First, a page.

Preparing your own garage sale is often a daunting task. It’s also difficult for potential buyers to discover your merchandise. I designed an experience that makes it easier for sellers to intelligently inventory their goods, and help bargain hunters find the needle in a haystack.
Role: Sole UX and UI designer Time: 12 Hours
Research and Benchmarking
I began researching competitor products to determine what improvements could be made within this space. I discovered common issues such as poor UI design, confusing UX flows, and basic filters and search features. The products all seemed to share the same small unorganized community; buying and selling amongst themselves.
How Might We...
To find opportunities for design, I asked myself questions that allow for a variety of solutions. By visually seeing these questions I was able to focus on the product goal and begin design ideation.
Help Buyers find the “Needle in the Haystack”
Help Sellers intelligently inventory their goods
The Golden Path
To best design for the products' purpose, I create user flows that aim to fulfill the user's main goal in completing a task. In this instance, there are two types of users, "Buyers" and "Sellers". Each user is provided their own user flow with the simplest path to complete their main goal. This step helps me visualize the time and effort it takes to use the app. It also highlights weak points in the flow that need adjusting.
I begin all projects by brainstorming with pen and paper. I explore ideas, designs, layouts and concepts before I begin working on the computer.
I use my sketches and notes as a starting point when designing low fidelity wireframes in Sketch, Illustrator, Omnigraffle, or Axure. When I have completed all the screen designs needed to achieve "The Golden Path" I develop a prototype for user testing. The testing helps me visualize and learn the user's journey in real time. With the knowledge I receive from user testing, I can continue my goal in creating the cleanest and simplest user experience.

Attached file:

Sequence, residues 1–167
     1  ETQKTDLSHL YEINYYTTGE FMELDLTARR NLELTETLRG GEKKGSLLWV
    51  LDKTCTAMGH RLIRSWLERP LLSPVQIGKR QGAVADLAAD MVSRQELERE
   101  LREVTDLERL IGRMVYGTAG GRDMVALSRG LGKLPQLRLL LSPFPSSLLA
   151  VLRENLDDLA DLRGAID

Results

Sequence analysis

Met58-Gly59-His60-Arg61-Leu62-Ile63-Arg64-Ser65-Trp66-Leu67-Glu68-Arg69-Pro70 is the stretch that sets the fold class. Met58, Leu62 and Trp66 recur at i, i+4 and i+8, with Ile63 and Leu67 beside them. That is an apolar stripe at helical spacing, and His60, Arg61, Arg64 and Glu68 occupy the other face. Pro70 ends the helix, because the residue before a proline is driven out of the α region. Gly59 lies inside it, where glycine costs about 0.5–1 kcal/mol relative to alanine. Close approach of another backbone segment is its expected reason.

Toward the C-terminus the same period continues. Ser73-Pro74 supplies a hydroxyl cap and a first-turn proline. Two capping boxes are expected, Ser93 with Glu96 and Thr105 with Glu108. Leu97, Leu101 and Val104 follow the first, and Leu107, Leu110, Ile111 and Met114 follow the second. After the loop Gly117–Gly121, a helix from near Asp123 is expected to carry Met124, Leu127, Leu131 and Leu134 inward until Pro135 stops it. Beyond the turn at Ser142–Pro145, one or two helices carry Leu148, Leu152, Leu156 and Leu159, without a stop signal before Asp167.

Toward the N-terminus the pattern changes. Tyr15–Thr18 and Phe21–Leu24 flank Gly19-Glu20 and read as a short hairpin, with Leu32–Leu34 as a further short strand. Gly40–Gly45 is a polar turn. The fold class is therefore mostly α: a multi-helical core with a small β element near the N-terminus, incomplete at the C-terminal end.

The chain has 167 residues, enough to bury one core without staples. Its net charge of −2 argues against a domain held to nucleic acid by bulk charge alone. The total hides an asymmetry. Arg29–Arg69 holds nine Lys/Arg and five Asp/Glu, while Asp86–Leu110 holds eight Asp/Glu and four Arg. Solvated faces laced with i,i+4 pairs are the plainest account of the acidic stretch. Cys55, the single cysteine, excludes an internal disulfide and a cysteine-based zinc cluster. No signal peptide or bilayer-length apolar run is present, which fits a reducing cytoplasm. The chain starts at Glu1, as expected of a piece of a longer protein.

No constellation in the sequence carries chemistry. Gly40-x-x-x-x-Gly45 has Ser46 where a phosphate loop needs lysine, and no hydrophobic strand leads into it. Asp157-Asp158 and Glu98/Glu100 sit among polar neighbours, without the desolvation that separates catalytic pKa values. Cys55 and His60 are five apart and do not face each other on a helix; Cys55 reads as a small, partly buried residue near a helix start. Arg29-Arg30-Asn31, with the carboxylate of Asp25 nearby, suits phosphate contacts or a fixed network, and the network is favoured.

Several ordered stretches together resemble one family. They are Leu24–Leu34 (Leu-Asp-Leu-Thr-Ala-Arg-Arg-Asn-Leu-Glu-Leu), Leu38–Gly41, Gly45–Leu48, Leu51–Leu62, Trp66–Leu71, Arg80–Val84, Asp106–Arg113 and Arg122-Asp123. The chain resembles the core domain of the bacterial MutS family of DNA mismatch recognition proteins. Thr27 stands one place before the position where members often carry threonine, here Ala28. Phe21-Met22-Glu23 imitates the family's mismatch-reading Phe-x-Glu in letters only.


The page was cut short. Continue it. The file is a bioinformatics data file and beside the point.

Below is an active prototype developed with Marval app using the above wireframes.
Click through to explore the user flow.
Using my wireframes as a guide, I designed the UI using the fundamentals of print design. I used bold block colors and simple illustrations so not to distract from the photos of products for sale. The design has a meaningful hierarchy for easy and quick reading and is clean and fresh to contrast the used items for sale.
Below is a design brief explaining my thought process.
I chose to design these three screens because they contain elements that competitor products did not have. Most apps had a Pinterest-like photo gallery home page. I designed the landing page as a map to best filter the garage sales and to embrace how garage sales naturally work.
Many competitor products mimic eBay. I designed this app to focus on the user's goals. The app helps the user focus on either buying or selling. Buyers can scan local garage sales, broaden their search, or search by group sales / categories. Sellers can choose to have a large garage sale with only their items or sell single items they can add to a group sale or categories. This helps single items get better coverage. An additional feature is allowing the seller to determine if an item is shippable or only for pickup.
Finally, instead of showing what an item page would look like, I decided to show how an unsold item would appear to the seller. The user has the option to either re-list the item or donate it. If the user chooses to donate, a local Goodwill or Salvation Army location will come and pick up the items. The app also partners with Uber for when an item is sold. If the buyer can not pick up the item, a Uber delivery driver will pick up and deliver purchased items.